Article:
WASHINGTON (AP) — President Donald Trump’s press secretary is declaring that Trump’s inauguration had the largest audience in history “both in person and around the globe.”
Sean Spicer insists that, “This was the largest audience to ever witness an inauguration, period.”
Spicer offers no evidence to support the claim. It is not known how many people watched the ceremony on television around the globe. In the U.S., Nielsen estimates 31 million viewers watched TV coverage, but that’s less than Barack Obama’s and Ronald Reagan’s first inaugurations.
On the ground in Washington, crowds on Friday were noticeably smaller than those of some pervious inaugurations.
Spicer convened reporters at the White House during Trump’s first full day in office to accuse them of engaging in “deliberately false reporting.” He’s claiming that photographs of the inauguration were intentionally framed in a way to minimize the crowd.
Photos of the National Mall make clear that the crowd did not extend to the Washington Monument, as it did for the 2009 inauguration of Barack Obama.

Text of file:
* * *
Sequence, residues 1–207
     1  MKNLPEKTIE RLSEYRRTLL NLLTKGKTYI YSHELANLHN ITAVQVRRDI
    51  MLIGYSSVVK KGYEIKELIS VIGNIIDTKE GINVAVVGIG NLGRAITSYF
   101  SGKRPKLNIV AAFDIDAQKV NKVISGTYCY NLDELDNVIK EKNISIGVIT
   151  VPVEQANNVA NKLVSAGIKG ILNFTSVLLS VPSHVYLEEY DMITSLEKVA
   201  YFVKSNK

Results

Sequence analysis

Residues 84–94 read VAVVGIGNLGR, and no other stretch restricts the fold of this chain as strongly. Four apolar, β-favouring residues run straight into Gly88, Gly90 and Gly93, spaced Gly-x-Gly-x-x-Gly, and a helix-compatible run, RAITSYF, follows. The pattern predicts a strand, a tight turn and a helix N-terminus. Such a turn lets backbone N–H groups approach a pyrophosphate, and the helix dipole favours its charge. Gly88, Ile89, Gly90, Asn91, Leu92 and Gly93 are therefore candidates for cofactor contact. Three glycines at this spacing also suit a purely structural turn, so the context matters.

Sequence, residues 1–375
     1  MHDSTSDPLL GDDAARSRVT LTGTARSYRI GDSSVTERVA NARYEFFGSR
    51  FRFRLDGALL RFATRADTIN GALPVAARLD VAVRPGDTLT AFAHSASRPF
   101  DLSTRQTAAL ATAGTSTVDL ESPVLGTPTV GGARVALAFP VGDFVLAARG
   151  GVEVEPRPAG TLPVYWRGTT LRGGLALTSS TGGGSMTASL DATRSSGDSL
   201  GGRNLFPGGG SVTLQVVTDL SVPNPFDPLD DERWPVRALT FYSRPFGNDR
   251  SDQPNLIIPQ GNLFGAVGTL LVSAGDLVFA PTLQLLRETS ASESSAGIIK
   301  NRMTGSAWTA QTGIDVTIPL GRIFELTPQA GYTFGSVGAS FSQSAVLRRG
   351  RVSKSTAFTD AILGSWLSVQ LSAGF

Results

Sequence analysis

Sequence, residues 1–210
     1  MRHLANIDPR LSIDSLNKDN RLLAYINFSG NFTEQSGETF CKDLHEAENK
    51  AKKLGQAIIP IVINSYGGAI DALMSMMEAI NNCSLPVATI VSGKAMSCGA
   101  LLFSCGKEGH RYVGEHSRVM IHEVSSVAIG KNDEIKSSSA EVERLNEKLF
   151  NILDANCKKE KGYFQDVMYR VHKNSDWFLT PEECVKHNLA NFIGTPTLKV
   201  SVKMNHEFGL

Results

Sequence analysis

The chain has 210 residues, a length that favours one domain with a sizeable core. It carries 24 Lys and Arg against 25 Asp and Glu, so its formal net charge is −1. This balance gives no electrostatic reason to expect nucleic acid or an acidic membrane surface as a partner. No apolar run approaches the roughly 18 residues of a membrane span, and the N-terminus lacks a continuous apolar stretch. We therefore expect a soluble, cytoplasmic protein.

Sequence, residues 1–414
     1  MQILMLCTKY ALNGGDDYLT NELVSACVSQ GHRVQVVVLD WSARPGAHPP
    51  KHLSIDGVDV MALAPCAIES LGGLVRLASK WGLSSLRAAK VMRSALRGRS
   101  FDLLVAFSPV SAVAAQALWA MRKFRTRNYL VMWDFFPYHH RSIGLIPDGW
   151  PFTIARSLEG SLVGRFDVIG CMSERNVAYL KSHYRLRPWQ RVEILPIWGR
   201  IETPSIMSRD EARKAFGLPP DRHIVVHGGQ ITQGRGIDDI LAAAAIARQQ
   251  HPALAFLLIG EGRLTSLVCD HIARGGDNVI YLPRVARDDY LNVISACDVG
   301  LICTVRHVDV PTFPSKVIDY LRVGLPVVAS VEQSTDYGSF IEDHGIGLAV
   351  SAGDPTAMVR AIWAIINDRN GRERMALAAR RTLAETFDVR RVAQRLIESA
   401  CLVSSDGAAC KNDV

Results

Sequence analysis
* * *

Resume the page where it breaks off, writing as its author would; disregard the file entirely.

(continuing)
Spicer also addressed another issue with the media that occurred:
When a small group of journalists, known as a “pool,” was allowed into the Oval Office on Friday evening, there was some confusion about whether a bust of Martin Luther King, Jr. was still there. The bust had been controversial when former President Obama moved it into the Oval Office, replacing a bust of Winston Churchill that had been there.
Pool reporter Zeke Miller of Time initially couldn’t see the MLK bust, and he sent word to the rest of the press corps that it had been removed.
But it was still there, albeit out of Miller’s line of sight. A correction went out to the press corps within half an hour.
Spicer tweaked Miller about the incident on Twitter, calling it “a reminder of the media danger of tweet first check facts later.”
Miller apologized to his colleagues, and Spicer tweeted, “Apology accepted.”